Yesterday, Masque & Gown premiered “The Laramie Project,” a production choice that continues the group’s break with the more traditional shows that characterized much of its history.
“We had three plays in a row during my time here and, I understand, several more before this that were like white, living-room, family dramas where people sat in their kitchen or living rooms and talked about their white people problems for a nice hour and a half,” said Kathleen Johnson ’19, director of the show, in a discussion at Burnett House last week.
“The Laramie Project” portrays the aftermath of the 1998 murder of Matthew Shepard, a gay student at the University of Wyoming—one of the first hate crimes against a gay person widely covered by national media.
The show was created by members of the Tectonic Theater Group from New York who traveled to Laramie, Wyoming in the wake of the tragedy to conduct more than 200 interviews with students, professors, police, social workers and other residents of the town. Each of the many characters represents an individual that the group interviewed.
This choice builds upon the momentum of last spring’s play, Blown Youth—a sharp departure from this paradigm.
“[The characters were] all women, several of whom were not from the United States, several of whom were queer, several of whom could not be played by white actresses, and so that ended up breaking a lot of barriers in terms of the topics being discussed on stage and the people you see on stage,” added Johnson. “We wanted to keep doing that with the next play. So “Laramie Project” came to my mind because there are no racial requirements, gender requirements, any kind of physicality that you need to be in it.”
Masque & Gown Treasurer Brendan Pulsifer ’20 organized a discussion at Burnett House to explain the importance of this show in the context of continuing discussions about LGBT history and life.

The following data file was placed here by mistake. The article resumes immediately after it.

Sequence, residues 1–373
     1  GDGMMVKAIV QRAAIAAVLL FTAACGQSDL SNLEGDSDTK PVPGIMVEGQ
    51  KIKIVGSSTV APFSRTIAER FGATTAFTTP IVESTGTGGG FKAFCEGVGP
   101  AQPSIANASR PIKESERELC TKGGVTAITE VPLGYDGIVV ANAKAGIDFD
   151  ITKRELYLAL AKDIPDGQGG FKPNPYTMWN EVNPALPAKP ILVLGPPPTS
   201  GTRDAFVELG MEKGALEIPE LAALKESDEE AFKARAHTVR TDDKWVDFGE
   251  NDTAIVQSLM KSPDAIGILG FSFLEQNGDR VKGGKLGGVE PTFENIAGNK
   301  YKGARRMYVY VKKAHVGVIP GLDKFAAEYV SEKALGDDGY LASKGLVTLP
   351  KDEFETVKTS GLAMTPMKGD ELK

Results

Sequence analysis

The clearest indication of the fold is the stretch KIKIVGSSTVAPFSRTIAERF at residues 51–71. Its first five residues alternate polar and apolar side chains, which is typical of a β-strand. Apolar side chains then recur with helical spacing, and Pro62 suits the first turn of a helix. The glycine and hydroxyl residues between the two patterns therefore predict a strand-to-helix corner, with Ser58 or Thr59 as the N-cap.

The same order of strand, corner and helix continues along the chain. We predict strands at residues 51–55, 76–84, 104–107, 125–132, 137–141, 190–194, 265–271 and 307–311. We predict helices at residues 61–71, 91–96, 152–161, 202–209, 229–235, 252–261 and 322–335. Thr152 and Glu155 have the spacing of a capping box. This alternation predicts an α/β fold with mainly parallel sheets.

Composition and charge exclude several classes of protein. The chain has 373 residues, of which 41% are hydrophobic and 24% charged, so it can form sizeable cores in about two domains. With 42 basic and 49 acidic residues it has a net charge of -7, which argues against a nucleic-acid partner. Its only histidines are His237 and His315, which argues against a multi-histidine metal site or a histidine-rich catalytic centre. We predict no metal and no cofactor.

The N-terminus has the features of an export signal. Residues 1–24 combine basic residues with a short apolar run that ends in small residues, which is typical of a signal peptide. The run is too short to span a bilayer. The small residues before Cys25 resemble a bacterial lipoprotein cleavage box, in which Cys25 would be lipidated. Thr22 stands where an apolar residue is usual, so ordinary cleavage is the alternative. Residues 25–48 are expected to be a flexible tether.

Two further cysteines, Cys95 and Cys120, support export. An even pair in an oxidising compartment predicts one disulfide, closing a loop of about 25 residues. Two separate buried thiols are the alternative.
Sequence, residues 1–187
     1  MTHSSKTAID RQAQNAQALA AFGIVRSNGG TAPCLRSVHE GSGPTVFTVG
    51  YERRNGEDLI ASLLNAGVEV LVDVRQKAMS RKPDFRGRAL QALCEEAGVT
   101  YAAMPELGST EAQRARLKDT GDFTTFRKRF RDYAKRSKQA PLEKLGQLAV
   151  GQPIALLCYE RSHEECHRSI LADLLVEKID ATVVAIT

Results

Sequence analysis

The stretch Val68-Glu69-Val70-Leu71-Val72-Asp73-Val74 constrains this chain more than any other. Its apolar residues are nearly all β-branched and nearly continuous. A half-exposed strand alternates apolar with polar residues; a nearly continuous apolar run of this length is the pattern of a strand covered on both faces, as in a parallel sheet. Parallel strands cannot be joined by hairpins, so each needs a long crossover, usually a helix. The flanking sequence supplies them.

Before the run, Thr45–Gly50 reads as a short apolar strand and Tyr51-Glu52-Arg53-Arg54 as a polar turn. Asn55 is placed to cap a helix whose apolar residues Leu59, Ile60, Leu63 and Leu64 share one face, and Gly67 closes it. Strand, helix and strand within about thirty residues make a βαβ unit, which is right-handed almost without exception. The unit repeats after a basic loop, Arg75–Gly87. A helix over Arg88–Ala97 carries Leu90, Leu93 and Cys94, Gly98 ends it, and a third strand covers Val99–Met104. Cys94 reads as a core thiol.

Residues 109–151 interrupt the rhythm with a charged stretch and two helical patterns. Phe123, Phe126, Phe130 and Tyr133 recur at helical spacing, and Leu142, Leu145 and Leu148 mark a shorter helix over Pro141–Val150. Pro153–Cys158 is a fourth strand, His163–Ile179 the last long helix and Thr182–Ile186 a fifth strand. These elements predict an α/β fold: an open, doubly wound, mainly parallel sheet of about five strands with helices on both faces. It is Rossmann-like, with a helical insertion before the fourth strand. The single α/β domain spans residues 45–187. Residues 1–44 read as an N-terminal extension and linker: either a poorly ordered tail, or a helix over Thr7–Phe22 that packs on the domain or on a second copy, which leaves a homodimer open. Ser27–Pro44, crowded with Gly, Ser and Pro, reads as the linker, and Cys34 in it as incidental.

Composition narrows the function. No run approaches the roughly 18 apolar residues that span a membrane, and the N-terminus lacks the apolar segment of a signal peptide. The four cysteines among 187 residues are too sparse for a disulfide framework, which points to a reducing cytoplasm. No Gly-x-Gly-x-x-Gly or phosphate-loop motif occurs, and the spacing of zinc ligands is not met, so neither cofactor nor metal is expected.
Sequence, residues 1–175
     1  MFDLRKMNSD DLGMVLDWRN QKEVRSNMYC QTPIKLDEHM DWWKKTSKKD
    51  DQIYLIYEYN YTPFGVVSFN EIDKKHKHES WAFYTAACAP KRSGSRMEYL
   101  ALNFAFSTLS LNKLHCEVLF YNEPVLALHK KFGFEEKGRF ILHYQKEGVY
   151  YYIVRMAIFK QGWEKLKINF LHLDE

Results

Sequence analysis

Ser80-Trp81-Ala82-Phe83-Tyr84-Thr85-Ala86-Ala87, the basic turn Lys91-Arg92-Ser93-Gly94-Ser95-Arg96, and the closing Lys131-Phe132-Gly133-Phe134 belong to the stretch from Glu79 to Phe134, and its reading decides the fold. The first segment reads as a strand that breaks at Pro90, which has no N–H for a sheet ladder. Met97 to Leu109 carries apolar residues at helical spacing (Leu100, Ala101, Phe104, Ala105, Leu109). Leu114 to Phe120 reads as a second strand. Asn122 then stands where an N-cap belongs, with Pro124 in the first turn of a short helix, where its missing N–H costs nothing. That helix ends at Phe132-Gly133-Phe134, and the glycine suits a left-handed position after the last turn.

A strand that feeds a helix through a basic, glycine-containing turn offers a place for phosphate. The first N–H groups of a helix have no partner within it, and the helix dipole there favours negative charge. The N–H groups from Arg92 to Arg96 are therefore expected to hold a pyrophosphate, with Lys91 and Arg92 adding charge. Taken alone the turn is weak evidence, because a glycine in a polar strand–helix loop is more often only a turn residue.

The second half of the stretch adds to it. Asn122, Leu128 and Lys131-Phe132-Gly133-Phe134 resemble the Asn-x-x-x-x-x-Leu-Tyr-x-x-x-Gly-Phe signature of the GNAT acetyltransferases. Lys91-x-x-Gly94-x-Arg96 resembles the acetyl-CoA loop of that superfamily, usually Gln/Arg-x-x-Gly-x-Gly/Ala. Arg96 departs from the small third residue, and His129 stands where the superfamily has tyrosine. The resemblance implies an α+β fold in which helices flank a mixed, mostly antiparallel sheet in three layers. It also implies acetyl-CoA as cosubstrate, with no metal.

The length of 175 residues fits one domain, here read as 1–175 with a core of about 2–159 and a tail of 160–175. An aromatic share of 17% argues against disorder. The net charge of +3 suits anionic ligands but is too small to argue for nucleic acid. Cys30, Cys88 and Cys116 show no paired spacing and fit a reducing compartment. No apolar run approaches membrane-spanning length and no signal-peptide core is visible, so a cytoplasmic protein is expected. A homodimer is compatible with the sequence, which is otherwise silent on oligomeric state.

“In the Laramie Project we see a community that is forced to look at itself in the mirror, and say, OK, this happened here, what are we going to do about it,” said Johnson.
“‘The Laramie Project’ is an important forum for us to ask those questions of one another, of our larger community,” echoed Marika Cifor, CFD Postdoctoral Fellow in Gender, Sexuality and Women’s Studies who also spoke at the discussion. “Thinking about how prevalent hate crimes still are, and the ways in which systemic injustices are still taking place, these conversations are ones that were relevant in 1998 but continue to be just as relevant.”
Mackenzie Schafer ’19, artistic director of Masque & Gown, explained that the play shows the many different effects of a tragedy on the local, national and global community.
“We’ve had a lot go on in the past few years, as far as devastating events, so I think [the play shows] that one thing that seemingly could be very small has such a ripple effect, and affects so many different members of a local, national and global community,” said Schafer.
Schafer also explained how the show has allowed Masque and Gown to expand artistically. The show provides members with the opportunity to play several different characters and to push the limits of their production.
“Since I’ve been on campus all the shows we’ve performed have been in a house set, so we’ve really shaken that mold up a bit, and have a pretty abstract new set that we’re really excited about that ‘The Laramie Project’ let us do.”